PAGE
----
Mechael Sumichrast, the home builder association's chief economist and oft-quoted source on anything related to housing, says that this cost-cutting "will have to be done in bits and pieces. There may be 500 potential items in a house that could be sources of some small savings, $5 or $10. If a hundred of those items can be isolated and trimmed in terms of costs then the price of a new house might well be reuced $500 or more."

There are other avenues to lower-priced housing among them, rehabilitation of existing housing. Rep. Les AuCoin (D-Ore.), keynote speaker at the NABH seminar, said that making better use of the current housing stock has a potential for savings of staggering proportions.

In this area, one example of ownership at a relatively low cost is found in Loudoun County, where the 12-year-old Sterling Park rental, town houses were converted to condomiumiums earlier this year and renamed "Pembrooke of Loudoun." Within a few months, and without formal advertising, the 292 dwellings were all sold - 42 per cent of them to tenants and at prices ranging from $23,900 to $30,990.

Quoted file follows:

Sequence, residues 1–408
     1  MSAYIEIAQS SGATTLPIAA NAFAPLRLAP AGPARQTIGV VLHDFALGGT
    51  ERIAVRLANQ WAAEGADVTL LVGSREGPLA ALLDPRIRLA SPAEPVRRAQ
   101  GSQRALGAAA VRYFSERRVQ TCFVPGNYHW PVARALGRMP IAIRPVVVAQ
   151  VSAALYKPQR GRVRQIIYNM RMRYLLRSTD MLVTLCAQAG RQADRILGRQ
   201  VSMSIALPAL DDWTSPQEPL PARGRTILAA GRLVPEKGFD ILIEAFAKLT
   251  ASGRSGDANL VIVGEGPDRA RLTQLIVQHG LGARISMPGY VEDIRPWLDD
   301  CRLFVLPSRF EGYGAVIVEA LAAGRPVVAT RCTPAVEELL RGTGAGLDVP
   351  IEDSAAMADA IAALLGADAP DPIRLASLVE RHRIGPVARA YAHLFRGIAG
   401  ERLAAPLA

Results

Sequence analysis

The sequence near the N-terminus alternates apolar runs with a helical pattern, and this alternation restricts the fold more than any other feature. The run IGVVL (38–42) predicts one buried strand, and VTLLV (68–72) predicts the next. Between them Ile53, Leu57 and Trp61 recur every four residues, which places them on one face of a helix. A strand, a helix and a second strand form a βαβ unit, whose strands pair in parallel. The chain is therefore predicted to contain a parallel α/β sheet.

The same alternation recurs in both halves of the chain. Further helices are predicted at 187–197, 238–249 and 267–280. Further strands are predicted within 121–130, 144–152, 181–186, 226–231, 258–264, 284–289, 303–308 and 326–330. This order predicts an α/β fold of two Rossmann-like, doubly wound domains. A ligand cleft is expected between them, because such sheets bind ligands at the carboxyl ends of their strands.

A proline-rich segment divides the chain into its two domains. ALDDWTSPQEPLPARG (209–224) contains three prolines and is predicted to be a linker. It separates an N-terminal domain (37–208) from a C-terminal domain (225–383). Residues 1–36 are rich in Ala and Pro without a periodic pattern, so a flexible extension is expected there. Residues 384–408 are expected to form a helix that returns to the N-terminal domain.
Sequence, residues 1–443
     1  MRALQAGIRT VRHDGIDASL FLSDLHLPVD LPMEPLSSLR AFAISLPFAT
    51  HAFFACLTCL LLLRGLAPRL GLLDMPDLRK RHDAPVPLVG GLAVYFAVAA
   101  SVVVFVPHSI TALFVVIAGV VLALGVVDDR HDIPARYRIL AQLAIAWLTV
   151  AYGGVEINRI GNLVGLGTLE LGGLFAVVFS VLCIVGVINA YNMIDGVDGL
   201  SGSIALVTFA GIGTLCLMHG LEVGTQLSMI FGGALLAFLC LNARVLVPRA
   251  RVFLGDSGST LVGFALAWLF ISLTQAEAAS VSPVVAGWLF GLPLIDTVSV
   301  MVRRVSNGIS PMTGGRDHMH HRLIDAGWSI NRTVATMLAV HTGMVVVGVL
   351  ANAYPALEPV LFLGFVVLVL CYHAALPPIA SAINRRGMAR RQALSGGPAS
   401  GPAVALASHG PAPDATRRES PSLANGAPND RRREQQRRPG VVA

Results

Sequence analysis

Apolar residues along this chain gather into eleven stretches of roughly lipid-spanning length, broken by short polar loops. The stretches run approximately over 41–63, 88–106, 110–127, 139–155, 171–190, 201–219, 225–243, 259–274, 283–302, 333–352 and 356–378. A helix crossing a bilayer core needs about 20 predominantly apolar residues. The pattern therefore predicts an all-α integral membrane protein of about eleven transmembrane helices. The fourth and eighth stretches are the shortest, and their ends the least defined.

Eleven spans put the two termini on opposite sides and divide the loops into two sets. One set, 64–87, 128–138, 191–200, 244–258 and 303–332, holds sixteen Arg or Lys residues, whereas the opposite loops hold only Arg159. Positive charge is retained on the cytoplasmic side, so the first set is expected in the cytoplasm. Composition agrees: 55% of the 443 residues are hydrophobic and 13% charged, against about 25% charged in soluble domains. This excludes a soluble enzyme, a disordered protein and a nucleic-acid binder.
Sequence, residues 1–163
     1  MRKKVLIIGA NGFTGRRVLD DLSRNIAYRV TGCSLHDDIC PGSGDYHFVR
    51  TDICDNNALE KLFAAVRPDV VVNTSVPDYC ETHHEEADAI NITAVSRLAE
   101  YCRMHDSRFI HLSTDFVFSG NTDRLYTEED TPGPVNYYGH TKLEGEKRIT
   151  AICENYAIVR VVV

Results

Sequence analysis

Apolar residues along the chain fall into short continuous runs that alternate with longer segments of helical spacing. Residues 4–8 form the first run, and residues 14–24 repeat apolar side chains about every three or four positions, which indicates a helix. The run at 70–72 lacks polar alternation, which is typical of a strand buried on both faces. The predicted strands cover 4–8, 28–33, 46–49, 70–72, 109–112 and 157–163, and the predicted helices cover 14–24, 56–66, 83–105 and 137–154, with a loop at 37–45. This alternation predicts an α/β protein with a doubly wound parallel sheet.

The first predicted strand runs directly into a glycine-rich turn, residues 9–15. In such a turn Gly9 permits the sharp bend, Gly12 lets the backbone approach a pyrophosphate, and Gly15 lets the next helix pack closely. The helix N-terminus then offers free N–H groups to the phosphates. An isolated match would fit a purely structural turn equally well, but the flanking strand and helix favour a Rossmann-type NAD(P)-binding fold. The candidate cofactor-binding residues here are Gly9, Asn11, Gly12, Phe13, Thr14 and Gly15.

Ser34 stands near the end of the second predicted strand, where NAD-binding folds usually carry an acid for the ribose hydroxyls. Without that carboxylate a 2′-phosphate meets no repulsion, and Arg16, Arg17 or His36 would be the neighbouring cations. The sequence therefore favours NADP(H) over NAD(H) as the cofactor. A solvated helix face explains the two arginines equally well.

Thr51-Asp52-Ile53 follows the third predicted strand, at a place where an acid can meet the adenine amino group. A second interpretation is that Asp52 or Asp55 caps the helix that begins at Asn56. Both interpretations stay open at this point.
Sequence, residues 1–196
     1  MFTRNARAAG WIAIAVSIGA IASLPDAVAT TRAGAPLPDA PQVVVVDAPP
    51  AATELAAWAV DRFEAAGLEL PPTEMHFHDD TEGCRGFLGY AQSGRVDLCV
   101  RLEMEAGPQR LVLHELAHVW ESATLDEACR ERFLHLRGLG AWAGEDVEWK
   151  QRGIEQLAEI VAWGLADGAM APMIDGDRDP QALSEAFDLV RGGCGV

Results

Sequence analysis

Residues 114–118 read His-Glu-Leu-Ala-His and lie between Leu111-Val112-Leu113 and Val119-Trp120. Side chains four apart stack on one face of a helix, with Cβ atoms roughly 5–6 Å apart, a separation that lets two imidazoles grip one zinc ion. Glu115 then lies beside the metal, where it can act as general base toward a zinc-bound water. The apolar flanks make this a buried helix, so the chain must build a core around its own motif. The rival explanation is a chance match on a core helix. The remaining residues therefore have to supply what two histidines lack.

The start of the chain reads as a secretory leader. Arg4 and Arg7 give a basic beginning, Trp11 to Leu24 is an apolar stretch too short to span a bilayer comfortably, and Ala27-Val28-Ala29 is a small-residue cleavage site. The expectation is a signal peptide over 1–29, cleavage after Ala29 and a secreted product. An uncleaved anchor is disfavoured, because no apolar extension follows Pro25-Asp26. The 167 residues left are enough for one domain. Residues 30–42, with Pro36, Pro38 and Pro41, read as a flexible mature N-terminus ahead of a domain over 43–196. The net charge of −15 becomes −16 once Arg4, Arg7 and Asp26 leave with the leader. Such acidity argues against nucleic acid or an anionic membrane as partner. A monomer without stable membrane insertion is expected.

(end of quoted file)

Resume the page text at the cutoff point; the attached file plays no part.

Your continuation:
Where units were substantially redone, with new kitchens and appliances, the price was $4,000 more. But yet the average price per square foot of livable space remained well under $30 - at least $10 a square foot less than for most comparable new housing.

Walter J. Hodges and Stephen G. Yeonas came from diverse housing backgrounds to buy the development, which also includes the 126-unit, six-year-old North Apartments, last December from the Sterling Park Development Division of U.S. Steel Corp. The price was slightly more than $4.5 million.

The first thing Hodges and Yeonas did was to provide tenants with information about how they could remain as owners. Those who decided to leave were given 90-day notices.